Radiation Phenomena behind Shock Waves

  • M. Y. Perrin
  • Ph. Riviére
  • A. Soufiani
Part of the Shock Wave Science and Technology Reference Library book series (SHOCKWAVES, volume 7)


Shock waves produce hot gases, which radiate. Radiation is a full partner of the many physical and chemical processes which have to be taken into account in physical gasdynamics in hot gases [1-3]. As the emitted radiation is linked to the thermochemical state of the media, it has been widely used as a non disturbing tool to characterize the state of media behind shock waves. The emitted radiation may also contribute to the heat flux suffered by an obstacle. This contribution will be important for a vehicle entering an atmosphere [4] at very high speed such those experienced in aerocapture entry or lunar return for example. For vehicles entering the Earth’s atmosphere at velocity higher than 10km/s, the role of radiative heating in the total flux balance becomes essential. For Galileo entry into Jovian atmosphere the contribution of radiation was dominant for most of the entry trajectory. Accurate predictions of the non-equilibrium radiation in shock layers are thus required for efficient design of thermal protection systems. Radiation may also modify the gas dynamics. The emitted photons can either leave the flow, giving rise to the so-called radiative cooling, or can be re-absorbed, contributing to the transport of energy. Under some conditions, the processes of emission and absorption of photons have to be included in the equations describing the evolution of atomic and molecular internal states. As the emission and absorption coefficients depend on the internal state of gases, the radiation field and the internal state of gases must be determined self-consistently. The role of radiation is particularly important in the so-called radiative shocks [1,2], which are present in a wide range of astronomical objects and which can be generated in the laboratory using high-power lasers. In these high Mach number shocks, the radiation energy density, flux and stress tensor have to be included in the set of conservative equations; furthermore the medium may be photoionized ahead of the shock front giving rise to precursors which modify the shock jump relations. In these cases, the radiation drives the flow. In the present paper, we will mainly be concerned by radiation in hypersonic flows encountered in atmospheric entries. The incident probe velocities range from about 5 km/s for a low-speed Mars or Titan entry to almost 60 km/s for a polar probe to Jupiter. At these speeds, a strong shock wave forms in front of the entering probe that dissociates and, for the highest velocities, ionizes the gas.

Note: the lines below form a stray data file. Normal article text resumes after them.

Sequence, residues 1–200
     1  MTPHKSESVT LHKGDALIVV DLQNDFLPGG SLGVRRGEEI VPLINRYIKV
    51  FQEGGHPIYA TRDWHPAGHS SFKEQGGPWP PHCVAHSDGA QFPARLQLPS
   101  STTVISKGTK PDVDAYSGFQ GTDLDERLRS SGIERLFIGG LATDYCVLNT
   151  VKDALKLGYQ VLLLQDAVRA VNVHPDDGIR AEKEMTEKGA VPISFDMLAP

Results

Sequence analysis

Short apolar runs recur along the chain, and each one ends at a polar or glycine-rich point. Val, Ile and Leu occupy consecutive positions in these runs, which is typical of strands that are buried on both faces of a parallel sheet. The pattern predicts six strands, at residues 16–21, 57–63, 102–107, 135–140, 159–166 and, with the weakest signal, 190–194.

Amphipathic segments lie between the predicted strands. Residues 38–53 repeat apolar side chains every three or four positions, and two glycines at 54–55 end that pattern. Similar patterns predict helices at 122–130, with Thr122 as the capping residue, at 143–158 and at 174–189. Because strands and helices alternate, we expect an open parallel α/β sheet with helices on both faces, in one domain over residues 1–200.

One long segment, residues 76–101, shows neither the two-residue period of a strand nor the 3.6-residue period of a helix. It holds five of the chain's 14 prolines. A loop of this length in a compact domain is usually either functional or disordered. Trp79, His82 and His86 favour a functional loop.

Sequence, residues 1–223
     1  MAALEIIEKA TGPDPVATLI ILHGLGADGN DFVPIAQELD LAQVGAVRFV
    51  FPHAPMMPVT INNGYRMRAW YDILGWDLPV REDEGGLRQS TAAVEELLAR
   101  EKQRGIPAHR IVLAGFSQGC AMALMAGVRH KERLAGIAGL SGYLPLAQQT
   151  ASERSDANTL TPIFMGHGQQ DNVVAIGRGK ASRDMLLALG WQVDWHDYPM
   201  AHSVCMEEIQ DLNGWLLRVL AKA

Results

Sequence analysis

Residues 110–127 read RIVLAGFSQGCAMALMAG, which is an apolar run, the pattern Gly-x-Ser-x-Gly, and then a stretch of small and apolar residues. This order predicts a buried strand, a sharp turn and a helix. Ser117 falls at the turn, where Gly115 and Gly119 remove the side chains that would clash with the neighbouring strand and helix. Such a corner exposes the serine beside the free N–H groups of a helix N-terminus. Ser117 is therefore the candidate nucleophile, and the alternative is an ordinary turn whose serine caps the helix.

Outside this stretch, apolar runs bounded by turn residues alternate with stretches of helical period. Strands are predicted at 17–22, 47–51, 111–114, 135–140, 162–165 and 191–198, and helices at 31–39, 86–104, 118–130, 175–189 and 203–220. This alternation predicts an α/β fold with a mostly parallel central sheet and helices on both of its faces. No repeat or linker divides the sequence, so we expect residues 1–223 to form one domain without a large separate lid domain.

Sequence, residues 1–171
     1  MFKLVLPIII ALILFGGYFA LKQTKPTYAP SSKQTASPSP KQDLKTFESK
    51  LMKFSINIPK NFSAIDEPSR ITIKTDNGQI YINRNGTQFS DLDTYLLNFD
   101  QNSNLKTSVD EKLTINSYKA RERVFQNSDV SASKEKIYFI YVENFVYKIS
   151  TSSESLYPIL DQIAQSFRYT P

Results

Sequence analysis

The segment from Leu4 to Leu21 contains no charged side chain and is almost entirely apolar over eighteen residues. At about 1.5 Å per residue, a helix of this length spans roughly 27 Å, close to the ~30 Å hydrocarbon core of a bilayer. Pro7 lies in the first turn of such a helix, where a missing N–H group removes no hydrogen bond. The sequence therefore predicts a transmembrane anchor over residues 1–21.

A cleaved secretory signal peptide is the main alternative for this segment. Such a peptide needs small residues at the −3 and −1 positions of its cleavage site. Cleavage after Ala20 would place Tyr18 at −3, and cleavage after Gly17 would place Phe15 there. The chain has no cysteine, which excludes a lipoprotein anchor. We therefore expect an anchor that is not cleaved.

Shock Wave Radiative Transfer Local Thermodynamic Equilibrium Direct Simulation Monte Carlo Radiative Transfer Equation 
These keywords were added by machine and not by the authors. This process is experimental and the keywords may be updated as the learning algorithm improves.


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Copyright information

© Springer Berlin Heidelberg 2012

Authors and Affiliations

  • M. Y. Perrin
    • 1
  • Ph. Riviére
    • 1
  • A. Soufiani
    • 1
  1. 1.Laboratoire EM2C, CNRS UPR288, Ecole Centrale ParisChatenay-MalabryFrance

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